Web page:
Accidental Death of an Anarchist at Theatre Royal Haymarket review: uproarious farce takes aim at the Met

 (Helen Murray)
(Helen Murray)

It’s just theatre! It’s not real! That’s what the character known only as the Maniac insists as he throws on increasingly silly costumes, shoves his head through walls and forces a group of hapless, corrupt policemen to sing in harmony. But then, every so often, he spits out some statistic about the Met Police – less than 1% of complaints about the police lead to disciplinary action – and amid the bomb-blast comedy of this institutionally funny play, reality comes crashing back in.

When legendary Italian theatremaker Dario Fo wrote Accidental Death of an Anarchist in 1970 he based it on the real case of a man who ‘fell’ out of a fourth floor window while being interrogated by police in Milan. After successful stage adaptations of Kafka and Dostoyevsky, Tom Basden (ITV’s Plebs, BBC’s Here We Go) keeps the buffoonery and savagery of Fo’s original play, but updates it to become a farce-filled invective against the failures of the Met Police. “It’s bants!” exclaims the Maniac at one point, “like when we take selfies with murder victims.”

After runs in Sheffield and Hammersmith, this isn’t an obvious choice for a West End transfer, but it certainly deserves it. From the off, director Daniel Raggett takes the production at full pelt, with barely a moment of slack in the heady blend of farce, satire, agitprop, polemic and panto (complete with sweets tossed out to the stalls). Designer Anna Reid has created a wonderfully drab, grotty Met office, tilted downwards so that it looks like the mildewy box files and vinyl chairs might come barrelling towards us.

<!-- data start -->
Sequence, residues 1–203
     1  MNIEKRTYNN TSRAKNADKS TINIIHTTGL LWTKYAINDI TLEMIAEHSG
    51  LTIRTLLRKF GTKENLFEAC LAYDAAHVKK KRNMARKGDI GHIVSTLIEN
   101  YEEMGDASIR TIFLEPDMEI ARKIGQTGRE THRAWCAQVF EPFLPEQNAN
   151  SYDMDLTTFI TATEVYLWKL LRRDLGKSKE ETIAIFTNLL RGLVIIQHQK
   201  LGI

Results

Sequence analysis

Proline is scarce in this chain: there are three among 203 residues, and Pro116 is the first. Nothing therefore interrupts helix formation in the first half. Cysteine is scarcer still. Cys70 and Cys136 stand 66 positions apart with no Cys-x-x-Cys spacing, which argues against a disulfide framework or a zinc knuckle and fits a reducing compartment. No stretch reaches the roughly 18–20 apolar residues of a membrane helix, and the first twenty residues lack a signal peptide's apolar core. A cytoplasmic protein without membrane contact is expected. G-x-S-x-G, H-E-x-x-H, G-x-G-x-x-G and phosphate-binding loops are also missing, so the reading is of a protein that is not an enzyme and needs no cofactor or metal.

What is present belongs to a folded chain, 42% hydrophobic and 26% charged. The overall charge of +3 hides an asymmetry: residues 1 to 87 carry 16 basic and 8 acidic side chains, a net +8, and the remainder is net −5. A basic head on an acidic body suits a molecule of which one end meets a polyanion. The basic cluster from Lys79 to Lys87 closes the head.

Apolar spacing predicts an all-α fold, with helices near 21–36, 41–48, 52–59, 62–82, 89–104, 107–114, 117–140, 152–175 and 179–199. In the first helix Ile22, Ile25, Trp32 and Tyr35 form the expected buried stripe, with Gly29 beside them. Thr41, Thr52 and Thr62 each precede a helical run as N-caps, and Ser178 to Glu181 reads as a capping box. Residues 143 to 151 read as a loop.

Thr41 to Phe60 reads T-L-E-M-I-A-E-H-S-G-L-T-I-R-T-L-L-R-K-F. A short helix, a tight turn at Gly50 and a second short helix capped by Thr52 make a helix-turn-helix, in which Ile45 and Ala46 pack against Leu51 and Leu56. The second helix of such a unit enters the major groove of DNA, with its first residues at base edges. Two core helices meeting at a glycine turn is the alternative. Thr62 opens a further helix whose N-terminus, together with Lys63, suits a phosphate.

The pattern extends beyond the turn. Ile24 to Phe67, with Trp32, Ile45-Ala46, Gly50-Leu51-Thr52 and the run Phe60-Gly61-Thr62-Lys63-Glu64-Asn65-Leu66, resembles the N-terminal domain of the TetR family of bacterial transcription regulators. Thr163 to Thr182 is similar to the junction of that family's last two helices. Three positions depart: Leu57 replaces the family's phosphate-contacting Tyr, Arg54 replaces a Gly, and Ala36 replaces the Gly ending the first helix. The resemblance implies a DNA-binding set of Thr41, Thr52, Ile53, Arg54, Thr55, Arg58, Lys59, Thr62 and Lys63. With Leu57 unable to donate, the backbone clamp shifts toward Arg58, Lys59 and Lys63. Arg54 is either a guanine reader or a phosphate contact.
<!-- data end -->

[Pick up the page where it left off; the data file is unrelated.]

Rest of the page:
The company (Helen Murray)
The company (Helen Murray)

The supporting performances are great – Tom Andrews as the tough cop, Tony Gardner the anxious police chief afraid of his own shadow in case it turns out to be an undercover journalist – but the show is Daniel Rigby’s, no question.

Rigby plays the Maniac, a hyperactive man who insists he’s in a play, and who pretends to be a pompous judge so that he can investigate the unexplained death of the defenestrated anarchist. Three witless police officers fall for the disguise, and as they become increasingly confused about whether this ‘judge’ is trying to help them or hang them, they begin to incriminate themselves.

Rigby, who has the unparalleled quality of being annoying in the most endearing way, doesn’t just perform Basden’s exquisite script: he blows every single line up, making each one a balloon or a bomb depending how mad he’s feeling.

His performance is a ferocious chatter of lines, gasping for breath between tirades, and he rivals Toast of London for unexpected line delivery, with intonation plucked from some other planet, as if he’s never heard human words before. On top of that he adds beautifully precise physical slapstick: the skit when he tries to step off a table is a comedy masterclass in itself.

Then amid the rattling monologuing of the Maniac, Basden slips in another of those statistics about the Met. They’re jarring, these suddenly solemn lines, but their cumulative power is devastating. Nor are the police the only recipients of Basden’s ire: the right-wing government, the ineffective left, lazy journalism… Basden piles up the corpses of post-truth society. Police brutality was never so funny – but if we didn’t laugh, we’d have to cry.

Theatre Royal Haymarket, to September 9; book tickets here